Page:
A global view of paying taxes
Economies around the world are adopting a range of policies as they strive to strike a balance between raising tax revenues and encouraging growth, according to a report by the World Bank Group and PwC.
The Paying Taxes 2014: The Global Picture report found that 32 economies continued to take steps from June 2012 through May 2013 to make it easier and cost less for small and medium businesses to pay taxes. The study of tax regimes in 189 economies, released in November 2013, found that for the third consecutive year the most common tax reform was the introduction or improvement of online filing and payment systems for tax compliance.
South Africa’s worldwide tax payment ranking improved from 32nd position to 24th position, the same position as in 2011. The study mentioned the success of e-filing and filing methods as the biggest contributor to the country’s improved ranking, as well as a reduction in the total tax rate. The average business in South Africa only has to make seven tax payments, whereas the average in Africa is 36.
The study shows a total tax rate of 54.3% for Africa, which is well above the world average of 43.1%. Despite this, the total tax rate in Africa has decreased significantly since 2004 from 70.3% to 54.3%.
Having decreased from 33.3% in 2012 to 30.1%, South Africa’s total tax rate compares better to the worldwide average. The decrease is largely due to the dividend tax replacing secondary tax, which effectively moves the tax liability from the company to the shareholder.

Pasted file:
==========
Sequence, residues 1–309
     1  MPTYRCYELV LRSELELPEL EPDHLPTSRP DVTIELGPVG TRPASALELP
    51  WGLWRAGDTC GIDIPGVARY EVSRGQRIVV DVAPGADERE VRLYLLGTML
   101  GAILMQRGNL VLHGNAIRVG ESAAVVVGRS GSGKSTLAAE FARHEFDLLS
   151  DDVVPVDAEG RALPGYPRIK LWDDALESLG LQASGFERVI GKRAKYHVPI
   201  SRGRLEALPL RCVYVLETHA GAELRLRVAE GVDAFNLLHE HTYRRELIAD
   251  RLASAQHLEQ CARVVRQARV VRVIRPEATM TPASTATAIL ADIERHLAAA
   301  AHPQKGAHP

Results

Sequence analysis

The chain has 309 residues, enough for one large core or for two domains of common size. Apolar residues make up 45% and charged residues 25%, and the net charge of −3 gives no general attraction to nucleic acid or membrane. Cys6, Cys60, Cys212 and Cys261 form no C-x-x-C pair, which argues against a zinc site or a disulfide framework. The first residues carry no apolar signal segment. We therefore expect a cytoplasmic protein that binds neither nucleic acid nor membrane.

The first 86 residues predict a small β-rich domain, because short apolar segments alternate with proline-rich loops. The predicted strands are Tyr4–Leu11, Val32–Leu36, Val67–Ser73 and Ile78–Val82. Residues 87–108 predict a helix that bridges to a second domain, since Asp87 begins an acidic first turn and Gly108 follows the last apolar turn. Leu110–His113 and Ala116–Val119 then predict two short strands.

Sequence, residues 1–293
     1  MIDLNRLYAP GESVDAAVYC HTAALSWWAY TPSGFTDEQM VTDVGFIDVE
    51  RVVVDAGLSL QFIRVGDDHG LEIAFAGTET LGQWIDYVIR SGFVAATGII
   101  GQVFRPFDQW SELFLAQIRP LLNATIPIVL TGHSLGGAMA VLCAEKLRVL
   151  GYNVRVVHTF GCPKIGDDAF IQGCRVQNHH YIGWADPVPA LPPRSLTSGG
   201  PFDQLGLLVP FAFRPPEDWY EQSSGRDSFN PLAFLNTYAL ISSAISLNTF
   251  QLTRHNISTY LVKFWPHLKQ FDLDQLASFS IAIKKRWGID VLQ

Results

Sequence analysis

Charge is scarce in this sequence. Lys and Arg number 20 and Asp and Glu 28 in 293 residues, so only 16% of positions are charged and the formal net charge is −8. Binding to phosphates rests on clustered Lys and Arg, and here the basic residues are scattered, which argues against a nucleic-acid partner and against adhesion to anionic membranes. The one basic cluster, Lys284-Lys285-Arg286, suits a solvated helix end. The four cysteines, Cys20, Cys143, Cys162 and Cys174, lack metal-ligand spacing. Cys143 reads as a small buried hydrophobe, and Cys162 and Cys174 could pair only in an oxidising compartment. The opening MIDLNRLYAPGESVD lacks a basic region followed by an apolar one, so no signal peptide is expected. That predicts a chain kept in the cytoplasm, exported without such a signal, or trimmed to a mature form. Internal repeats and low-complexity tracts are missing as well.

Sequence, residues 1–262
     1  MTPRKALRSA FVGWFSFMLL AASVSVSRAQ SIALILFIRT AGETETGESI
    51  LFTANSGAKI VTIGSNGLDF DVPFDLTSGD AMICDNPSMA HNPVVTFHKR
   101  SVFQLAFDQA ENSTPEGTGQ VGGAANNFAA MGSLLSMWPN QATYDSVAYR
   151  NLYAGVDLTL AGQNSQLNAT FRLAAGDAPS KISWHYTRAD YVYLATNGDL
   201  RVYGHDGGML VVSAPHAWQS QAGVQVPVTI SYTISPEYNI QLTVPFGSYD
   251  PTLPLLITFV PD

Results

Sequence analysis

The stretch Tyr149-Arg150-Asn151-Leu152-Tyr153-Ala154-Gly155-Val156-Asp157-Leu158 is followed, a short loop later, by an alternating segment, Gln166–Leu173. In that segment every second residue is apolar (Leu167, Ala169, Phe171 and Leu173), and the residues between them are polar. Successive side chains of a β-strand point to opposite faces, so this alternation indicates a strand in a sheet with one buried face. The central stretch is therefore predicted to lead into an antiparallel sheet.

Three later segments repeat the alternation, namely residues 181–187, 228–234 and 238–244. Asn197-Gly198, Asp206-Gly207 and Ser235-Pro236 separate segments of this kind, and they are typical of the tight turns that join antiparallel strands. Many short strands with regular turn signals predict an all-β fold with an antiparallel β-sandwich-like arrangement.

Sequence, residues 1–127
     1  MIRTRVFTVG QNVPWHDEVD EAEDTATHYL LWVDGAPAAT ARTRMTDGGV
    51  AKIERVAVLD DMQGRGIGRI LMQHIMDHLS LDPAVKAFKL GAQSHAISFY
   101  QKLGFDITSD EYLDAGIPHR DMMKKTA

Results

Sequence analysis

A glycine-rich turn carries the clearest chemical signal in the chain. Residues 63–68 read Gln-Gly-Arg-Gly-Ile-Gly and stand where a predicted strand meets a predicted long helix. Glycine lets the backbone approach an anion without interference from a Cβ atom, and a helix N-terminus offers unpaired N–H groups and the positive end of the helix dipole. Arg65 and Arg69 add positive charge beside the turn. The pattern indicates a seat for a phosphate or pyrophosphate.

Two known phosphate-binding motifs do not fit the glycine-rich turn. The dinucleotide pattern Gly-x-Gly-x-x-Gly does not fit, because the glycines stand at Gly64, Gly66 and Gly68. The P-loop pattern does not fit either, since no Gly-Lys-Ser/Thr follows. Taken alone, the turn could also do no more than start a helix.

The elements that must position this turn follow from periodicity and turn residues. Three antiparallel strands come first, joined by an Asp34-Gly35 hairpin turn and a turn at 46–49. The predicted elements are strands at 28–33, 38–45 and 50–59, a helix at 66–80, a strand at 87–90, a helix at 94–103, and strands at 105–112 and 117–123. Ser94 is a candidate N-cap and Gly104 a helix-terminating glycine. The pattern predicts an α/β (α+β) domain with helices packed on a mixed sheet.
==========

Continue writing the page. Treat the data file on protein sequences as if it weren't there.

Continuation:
The country’s tax system continues to be ranked number one among the BRICS (Brazil, Russia, India, China and South Africa) economies for its efficiency and success in easing the compliance burden for taxpayers.
In the overall tax payment ranking, the United Arab Emirates was first. Guatemala made the biggest improvement in easing the payment of taxes during the past year, while Europe and Central Asia received acknowledgement as the regions who had improved most over the past five years.
Revenue authorities around the world are continuously working to streamline and modernise processes. Taxpayers in 76 of the 189 economies covered in the study can now file tax returns electronically from virtually anywhere on the planet, as proven by cosmonaut Pavel Vinogradov, an international space station crew member. He has become the first person ever to pay taxes from space.
Article written by Conrad Smith of Tenk Loubser & Associates (021 852 0382).